Wednesday, March 28, 2012

The Trayvon Martin Tragedy is Our Tragedy

I am angry. I am stunned. I am dumbfounded. I am sad. I am scared.

The Trayvon Martin tragedy makes me feel all of those emotions, and I know I am not the only person who has cycled through various emotions while following this horrible story.

Martin was only seventeen years old and unarmed when he was shot and killed by a so-called neighborhood watch captain named George Zimmerman. Trayvon was simply walking home from the store when Zimmerman, who thought Martin was suspicious and didn't belong in the neighborhood, began following him. Even though a 911 operator instructed Zimmerman against following Trayvon, Zimmerman trailed anyway, and in the end, a very young man's life was cut short.

I'm angry because Trayvon Martin should be alive, not dead in the ground because some man has hatred against black people. I'm also angry at the way the Sanford, Florida police handled the case. How can you let Zimmerman walk free... WITH HIS GUN, but you drug test Trayvon - who is dead?

I'm stunned because media and others rather blame an unarmed teenager for his own death, rather than hold the man who shot him accountable. Instead of treating Trayvon Martin like the victim, they rather tear down his good name. Trayvon was a CHILD and he has a FAMILY - HOW DARE YOU! It's heartless, cruel, and uncalled for.

I'm dumbfounded that even though it is 2012, we STILL deal with racial inequality. Not only that, there are people who think racial inequality doesn't exist anymore! We have voter ID laws in affect to keep minorities from voting, we have politicians eager to repeal President Obama's health care law, as well as continue to cut vital social services, and we still have regular working people who believe racial stereotypes like the gospel.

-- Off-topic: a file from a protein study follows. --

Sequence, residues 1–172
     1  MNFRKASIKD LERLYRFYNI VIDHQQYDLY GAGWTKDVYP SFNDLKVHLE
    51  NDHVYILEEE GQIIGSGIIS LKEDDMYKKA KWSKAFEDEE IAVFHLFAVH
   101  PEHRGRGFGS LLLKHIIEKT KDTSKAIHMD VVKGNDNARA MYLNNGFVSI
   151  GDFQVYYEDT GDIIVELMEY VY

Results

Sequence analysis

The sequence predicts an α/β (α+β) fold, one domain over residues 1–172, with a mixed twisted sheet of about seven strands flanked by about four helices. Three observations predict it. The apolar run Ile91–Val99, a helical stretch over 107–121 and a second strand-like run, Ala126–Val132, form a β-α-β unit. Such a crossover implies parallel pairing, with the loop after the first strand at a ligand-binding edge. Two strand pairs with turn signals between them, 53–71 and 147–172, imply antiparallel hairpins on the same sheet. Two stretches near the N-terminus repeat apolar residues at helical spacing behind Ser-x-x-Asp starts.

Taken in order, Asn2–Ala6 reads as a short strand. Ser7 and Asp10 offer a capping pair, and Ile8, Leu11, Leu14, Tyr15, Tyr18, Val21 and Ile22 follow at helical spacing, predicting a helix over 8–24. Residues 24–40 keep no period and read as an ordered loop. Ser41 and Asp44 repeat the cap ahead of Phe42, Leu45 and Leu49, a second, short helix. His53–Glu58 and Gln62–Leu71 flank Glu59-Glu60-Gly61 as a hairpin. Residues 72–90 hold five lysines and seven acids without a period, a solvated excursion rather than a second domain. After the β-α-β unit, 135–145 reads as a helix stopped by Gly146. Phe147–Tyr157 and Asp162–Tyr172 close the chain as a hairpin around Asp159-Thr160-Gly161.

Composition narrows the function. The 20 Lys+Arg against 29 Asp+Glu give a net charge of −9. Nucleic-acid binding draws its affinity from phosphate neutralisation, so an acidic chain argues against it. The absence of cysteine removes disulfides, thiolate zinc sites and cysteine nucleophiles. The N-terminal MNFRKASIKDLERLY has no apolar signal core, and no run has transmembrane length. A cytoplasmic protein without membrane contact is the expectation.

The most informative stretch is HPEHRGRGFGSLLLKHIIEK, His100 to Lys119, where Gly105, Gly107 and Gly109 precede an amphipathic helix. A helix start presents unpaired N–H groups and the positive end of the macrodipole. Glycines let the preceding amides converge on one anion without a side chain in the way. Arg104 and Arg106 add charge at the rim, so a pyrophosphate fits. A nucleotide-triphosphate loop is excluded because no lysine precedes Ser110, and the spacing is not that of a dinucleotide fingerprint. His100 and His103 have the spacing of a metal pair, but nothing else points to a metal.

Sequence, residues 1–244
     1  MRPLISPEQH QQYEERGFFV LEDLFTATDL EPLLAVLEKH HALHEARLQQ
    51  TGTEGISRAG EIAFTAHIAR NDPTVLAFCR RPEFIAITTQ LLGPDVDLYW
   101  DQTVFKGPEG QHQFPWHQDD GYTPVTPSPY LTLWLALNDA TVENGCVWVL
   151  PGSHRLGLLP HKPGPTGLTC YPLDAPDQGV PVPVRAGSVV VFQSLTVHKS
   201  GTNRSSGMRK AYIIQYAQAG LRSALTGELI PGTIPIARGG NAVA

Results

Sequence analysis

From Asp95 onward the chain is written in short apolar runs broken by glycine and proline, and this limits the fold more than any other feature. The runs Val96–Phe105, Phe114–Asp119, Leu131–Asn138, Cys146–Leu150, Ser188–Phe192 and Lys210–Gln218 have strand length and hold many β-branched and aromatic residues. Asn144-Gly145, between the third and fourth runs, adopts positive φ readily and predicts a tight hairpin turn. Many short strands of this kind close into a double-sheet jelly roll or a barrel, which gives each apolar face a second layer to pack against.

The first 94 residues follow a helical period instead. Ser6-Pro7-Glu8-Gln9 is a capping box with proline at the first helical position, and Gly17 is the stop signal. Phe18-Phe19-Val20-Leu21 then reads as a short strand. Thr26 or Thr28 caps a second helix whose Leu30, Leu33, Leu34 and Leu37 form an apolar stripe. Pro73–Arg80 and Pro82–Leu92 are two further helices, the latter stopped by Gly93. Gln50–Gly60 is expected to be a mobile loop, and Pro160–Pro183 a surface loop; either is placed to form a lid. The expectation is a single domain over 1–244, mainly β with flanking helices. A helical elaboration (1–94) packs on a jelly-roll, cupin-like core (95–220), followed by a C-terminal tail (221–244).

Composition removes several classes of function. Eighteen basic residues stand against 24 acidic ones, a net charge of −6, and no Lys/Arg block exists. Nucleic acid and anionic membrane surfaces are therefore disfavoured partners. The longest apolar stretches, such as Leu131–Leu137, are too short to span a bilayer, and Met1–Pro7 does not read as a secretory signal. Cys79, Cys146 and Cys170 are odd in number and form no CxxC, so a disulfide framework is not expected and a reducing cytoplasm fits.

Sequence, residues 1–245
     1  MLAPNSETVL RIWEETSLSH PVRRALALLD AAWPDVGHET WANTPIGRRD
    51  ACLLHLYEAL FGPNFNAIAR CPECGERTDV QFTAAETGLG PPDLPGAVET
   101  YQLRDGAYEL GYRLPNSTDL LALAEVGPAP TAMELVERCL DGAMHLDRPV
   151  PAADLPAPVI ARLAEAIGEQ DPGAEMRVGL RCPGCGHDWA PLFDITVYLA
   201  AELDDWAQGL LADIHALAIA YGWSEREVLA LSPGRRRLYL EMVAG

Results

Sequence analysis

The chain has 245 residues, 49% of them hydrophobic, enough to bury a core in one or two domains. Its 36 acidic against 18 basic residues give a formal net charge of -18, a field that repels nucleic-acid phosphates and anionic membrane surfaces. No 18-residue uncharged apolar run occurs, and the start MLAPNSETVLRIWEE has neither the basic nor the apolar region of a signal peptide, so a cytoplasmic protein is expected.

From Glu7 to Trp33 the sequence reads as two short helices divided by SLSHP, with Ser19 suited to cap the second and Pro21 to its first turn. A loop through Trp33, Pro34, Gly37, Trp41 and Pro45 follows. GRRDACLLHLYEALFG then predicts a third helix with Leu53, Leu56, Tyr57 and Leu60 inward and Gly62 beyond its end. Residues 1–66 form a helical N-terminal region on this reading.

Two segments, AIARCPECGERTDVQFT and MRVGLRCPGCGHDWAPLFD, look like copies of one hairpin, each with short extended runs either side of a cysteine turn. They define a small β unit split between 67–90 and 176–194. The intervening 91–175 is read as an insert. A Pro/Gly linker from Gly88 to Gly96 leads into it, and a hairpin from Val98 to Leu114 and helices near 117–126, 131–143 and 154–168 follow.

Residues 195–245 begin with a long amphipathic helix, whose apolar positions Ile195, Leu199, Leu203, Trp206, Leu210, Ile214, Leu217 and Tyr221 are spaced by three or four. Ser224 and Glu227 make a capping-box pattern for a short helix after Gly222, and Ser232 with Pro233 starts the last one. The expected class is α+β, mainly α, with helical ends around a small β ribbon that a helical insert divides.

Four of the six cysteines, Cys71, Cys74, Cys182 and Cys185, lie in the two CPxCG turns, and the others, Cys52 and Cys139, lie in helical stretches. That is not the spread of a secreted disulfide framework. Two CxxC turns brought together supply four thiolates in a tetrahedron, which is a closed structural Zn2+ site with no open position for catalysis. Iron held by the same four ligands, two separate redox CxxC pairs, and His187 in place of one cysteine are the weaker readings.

I'm sad because a family lost its son and its brother for no reason. Trayvon Martin won't get a chance to graduate high school or college, get married, or have children of his own. He won't be able to dream. He won't be able to be a kid.

I'm scared, because just like we have millions of Trayvons, there are probably just as many Zimmermans who we need to protect the Trayvons from. How do we protect our young black boys and girls? What can we say to them? What do we do?

The Trayvon Martin tragedy is a tragedy for all of us. I'm hoping that justice will be done for this poor child and his family, that the "Stand Your Ground" law will be taken off the books in Florida, as well as other states, and that more people open their hearts and minds to embrace and understand racial and cultural differences. We do not need another tragedy like this.

1 comment:

  1. I can't believe we lost another kid, especially over someone's prejudice. Like I said earlier on your facebook, it is bad enough Trayvon was killed, but his family can not have any peace with this. All of the so called celebrities like Geraldo Rivera speaking negative against Trayvon. The press promoting negative cartoon depictions; even going as far as saying "Did Trayvon strike first?" They are trying to make it seem like this kid was in the wrong and the protagonist George Zimmerman was in the right. So not true!!!!!

    I wore my hoodie a posted a poem in honor of Trayvon and for every youth of color in the world.


    Who Can Be Born Black?

    Who
    can be born black
    and not
    sing
    the wonder of it
    the joy
    the
    challenge

    And/to come together
    in a coming togetherness
    vibrating with the fires of pure knowing
    reeling with power
    ringing with the sound above sound above sound
    to explode/in the majesty of our oneness
    our coming together
    in a coming togetherness

    Who
    can be born
    black
    and not exult!
    Written by Mari Evans

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